رفتار شرکت و عملکرد نوآورانه: اکتشاف تجربی بحث های انتخاب سازگاری
|کد مقاله||سال انتشار||مقاله انگلیسی||ترجمه فارسی||تعداد کلمات|
|19980||2000||18 صفحه PDF||سفارش دهید||محاسبه نشده|
Publisher : Elsevier - Science Direct (الزویر - ساینس دایرکت)
Journal : Research Policy, Volume 29, Issue 1, January 2000, Pages 41–58
Innovation is a complex trade-off between routinisation and change, between reliability and accountability of firms and timely adaptation. This innovator's dilemma confronts innovation theory with the question, how to align routinisation with innovation induced organisational change and consistent performance. Obviously it is a complex issue. Dominant innovation theory neglects this subject due to its pro-innovation bias, while evolutionary organisation and innovation theory give opposite perspectives on this problem. The adaptation perspective considers pro-active behaviour as the best condition for innovative performance, whereas the selection perspective advances inert firm behaviour as the best alternative to achieve successful innovations. Our research question focuses on the explanatory value of either the selection or the adaptation perspective for the innovative performance of industrial firms. Our empirical findings confirm the adaptation perspective and reject the selection perspective. Comparatively, firm behaviour involving the highest risks and uncertainties—e.g., high environmental dynamics and high levels of adaptive activity—contributes most significant to the explanation of innovative performance. Inert, risk averse behaviour, conversely, does not improve or even impedes innovative performance compared with other types of firm behaviour.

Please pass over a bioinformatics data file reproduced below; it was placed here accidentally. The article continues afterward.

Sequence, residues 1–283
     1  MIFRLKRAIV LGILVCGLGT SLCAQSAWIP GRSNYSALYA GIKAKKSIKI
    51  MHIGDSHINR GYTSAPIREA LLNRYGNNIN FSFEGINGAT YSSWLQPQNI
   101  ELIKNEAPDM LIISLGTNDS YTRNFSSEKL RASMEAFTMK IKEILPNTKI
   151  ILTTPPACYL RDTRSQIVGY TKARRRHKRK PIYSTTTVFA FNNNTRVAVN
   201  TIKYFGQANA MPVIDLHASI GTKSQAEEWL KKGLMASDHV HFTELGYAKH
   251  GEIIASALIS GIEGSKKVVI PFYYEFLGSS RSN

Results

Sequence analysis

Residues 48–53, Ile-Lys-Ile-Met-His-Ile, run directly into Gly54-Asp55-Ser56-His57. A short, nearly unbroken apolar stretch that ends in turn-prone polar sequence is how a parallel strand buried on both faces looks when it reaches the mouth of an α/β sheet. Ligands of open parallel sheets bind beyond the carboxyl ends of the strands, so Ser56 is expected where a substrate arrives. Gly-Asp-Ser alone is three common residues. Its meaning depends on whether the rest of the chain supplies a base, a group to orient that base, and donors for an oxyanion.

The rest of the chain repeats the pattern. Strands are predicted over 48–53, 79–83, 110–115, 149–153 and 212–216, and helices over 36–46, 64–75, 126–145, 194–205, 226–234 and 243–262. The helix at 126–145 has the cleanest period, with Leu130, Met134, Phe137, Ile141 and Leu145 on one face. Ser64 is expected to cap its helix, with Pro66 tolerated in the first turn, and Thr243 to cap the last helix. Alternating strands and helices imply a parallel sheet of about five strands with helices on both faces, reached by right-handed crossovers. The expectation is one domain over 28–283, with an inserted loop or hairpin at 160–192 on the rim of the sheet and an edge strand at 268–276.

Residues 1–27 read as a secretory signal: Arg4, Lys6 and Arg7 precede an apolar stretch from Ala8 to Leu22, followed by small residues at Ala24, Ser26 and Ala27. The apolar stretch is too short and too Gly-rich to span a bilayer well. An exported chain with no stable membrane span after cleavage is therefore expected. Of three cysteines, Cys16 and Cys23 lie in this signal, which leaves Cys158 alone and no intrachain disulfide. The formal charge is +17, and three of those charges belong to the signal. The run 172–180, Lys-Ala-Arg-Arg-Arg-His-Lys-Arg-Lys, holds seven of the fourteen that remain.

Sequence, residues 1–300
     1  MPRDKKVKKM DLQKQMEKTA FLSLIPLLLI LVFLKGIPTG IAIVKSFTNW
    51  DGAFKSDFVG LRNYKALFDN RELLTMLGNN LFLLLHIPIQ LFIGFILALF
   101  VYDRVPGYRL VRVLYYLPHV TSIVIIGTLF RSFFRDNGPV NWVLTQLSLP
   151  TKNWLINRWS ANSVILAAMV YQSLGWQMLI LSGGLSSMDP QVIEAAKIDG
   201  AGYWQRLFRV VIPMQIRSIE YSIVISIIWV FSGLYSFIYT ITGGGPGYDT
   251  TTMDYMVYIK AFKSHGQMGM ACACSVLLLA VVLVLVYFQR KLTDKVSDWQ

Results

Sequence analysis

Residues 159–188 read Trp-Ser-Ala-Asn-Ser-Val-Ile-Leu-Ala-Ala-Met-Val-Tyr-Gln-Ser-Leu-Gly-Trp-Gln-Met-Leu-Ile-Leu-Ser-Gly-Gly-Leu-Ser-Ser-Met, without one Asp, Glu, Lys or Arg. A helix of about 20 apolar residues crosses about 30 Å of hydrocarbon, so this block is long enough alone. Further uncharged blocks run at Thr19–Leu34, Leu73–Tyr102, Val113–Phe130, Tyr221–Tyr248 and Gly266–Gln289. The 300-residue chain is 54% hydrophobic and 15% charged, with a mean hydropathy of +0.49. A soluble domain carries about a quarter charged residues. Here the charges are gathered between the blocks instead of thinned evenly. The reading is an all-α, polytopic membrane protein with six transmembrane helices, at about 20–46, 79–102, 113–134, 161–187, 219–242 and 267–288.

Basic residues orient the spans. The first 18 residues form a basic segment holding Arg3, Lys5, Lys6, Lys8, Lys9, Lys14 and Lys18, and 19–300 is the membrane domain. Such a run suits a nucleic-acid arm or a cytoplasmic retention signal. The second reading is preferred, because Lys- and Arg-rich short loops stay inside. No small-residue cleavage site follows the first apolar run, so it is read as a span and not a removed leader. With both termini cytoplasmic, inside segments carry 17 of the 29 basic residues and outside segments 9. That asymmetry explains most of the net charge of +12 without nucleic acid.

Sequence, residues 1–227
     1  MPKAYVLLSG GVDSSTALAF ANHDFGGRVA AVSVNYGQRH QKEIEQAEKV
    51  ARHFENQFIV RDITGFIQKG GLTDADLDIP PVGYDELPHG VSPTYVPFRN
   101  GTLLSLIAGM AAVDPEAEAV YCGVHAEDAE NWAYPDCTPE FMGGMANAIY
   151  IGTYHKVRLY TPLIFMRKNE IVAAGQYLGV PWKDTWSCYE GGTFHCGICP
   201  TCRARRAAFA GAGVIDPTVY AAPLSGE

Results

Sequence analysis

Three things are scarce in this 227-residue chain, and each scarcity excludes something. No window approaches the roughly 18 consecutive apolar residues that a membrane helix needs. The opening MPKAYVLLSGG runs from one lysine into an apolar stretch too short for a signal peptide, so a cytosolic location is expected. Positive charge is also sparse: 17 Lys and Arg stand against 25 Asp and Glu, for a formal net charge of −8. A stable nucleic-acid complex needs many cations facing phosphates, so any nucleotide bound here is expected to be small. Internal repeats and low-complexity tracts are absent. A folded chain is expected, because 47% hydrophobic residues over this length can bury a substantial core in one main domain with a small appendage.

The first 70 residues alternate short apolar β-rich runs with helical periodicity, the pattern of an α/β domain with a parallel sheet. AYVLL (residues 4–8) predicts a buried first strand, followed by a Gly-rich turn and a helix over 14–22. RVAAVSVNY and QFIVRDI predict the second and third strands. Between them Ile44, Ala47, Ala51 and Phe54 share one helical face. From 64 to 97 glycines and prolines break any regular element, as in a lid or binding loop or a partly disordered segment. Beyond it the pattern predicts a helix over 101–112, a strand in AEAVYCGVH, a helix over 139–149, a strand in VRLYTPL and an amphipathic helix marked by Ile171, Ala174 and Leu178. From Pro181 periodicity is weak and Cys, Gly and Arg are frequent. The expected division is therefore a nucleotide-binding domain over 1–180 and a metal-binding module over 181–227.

Technological competition and innovation confronts firms with the innovator's dilemma (Christensen, 1997). Basically this dilemma is a variant of the flexibility–stability dilemma, which revolves around the question: How do firms reconcile the need for persistence in the pursuit of organisational goals and the need for change in the pursuit of organisational survival? Indeed innovation is a trade-off between competing risks; the risk of changing products, processes and routines threatening the reliability and accountability of organisations and the risk of organisational decline or even death due to a lack of change. Innovation processes in organisations appear to have both effects. On the one hand empirical research revealed that innovation enhances the growth and survival of firms.2 On the other hand innovation is a very complex and risky process, with low success rates, and sometimes lethal effects.3 Due to its pro-innovation bias and its adaptationist perspective (Drazin and Schoonhoven, 1996), much innovation research tends to stress that innovation benefits its producers and users, and simultaneously ignores the risks of the associated change processes (Abrahamson, 1991; Leonard-Barton and Doyle, 1996; Freeman and Soete, 1997), or disregards its complexity.4 These theoretical and empirical flaws in innovation research hampered a full treatment of the innovator's dilemma. In this paper we pursue a full treatment of the innovator's dilemma with the development of a theoretical framework that adjusts these flaws. This is achieved by an integration of two branches of evolutionary thinking on organisation and innovation: an adaptationist perspective derived from the evolutionary theory of the firm (Haveman, 1992; Teece and Pisano, 1998) and a selection perspective which builds on inertia theory (Hannan and Freeman, 1984) derived from population ecology. Despite many similarities, both perspectives have a different appraisal of firms' change capabilities and the impacts of change on survival. Inertia theory seems to rule out certain structures and practices that can overcome inertia and can increase the generation of innovation, whereas adaptation theory allows for the emergence of such strategies. The position of inertia theory challenges the key assumption of innovation theory pertaining to the capacity of firms to adapt and to innovate. The issue remains as to the validity of these claims for the explanation of innovative performance at the level of firms, because inertia theory is applied mainly at the level of population explaining population dynamics covering long periods (Baum, 1996). We tap into inertia theory to adjust the pro-innovation bias of much innovation research, by means of an elaboration of the inertia concept allowing for a comparative analysis of inertia with other kinds of organisational behaviour at the level of the firm. This yields four types of adaptive behaviour within three categories of adaptive behaviour pertaining to technology, strategy and organisation. This paper performs several functions in innovation research. Our typology of adaptive behaviour indicates varying responses to feedback from one's environment and represents a fit or misfit between levels of environmental dynamics and activity levels. In general neither a full treatment of the environment–organisation nexus, nor a specification to distinctive organisational domain is the case in studies of organisational change or innovation.5 An empirical exploration of the relation between different types and categories of adaptive behaviour and innovative performance is not available. In this study we sought to fill this empirical gap, which contributes to our insight in: (1) the prevalence of the claims of the selection and adaptation perspective for the relation between adaptive firm behaviour and innovative performance, (2) the validity of these claims for firm behaviour in distinct domains like technology, strategy and organisation, and (3) the sensitivity of these theoretical claims for effects of moderator variables like size×age, patterns of economic performance and learning problems. This paper has the following structure. In Section 2, the selection and adaptation perspective on firm behaviour are reviewed and we describe the research model, the measurement of included variables and the research questions. Section 3deals with our method, our population sample and analyses. In Section 4, our findings are presented. In Section 5, we discuss our findings and make some inferences with respect to innovation management and technology policy.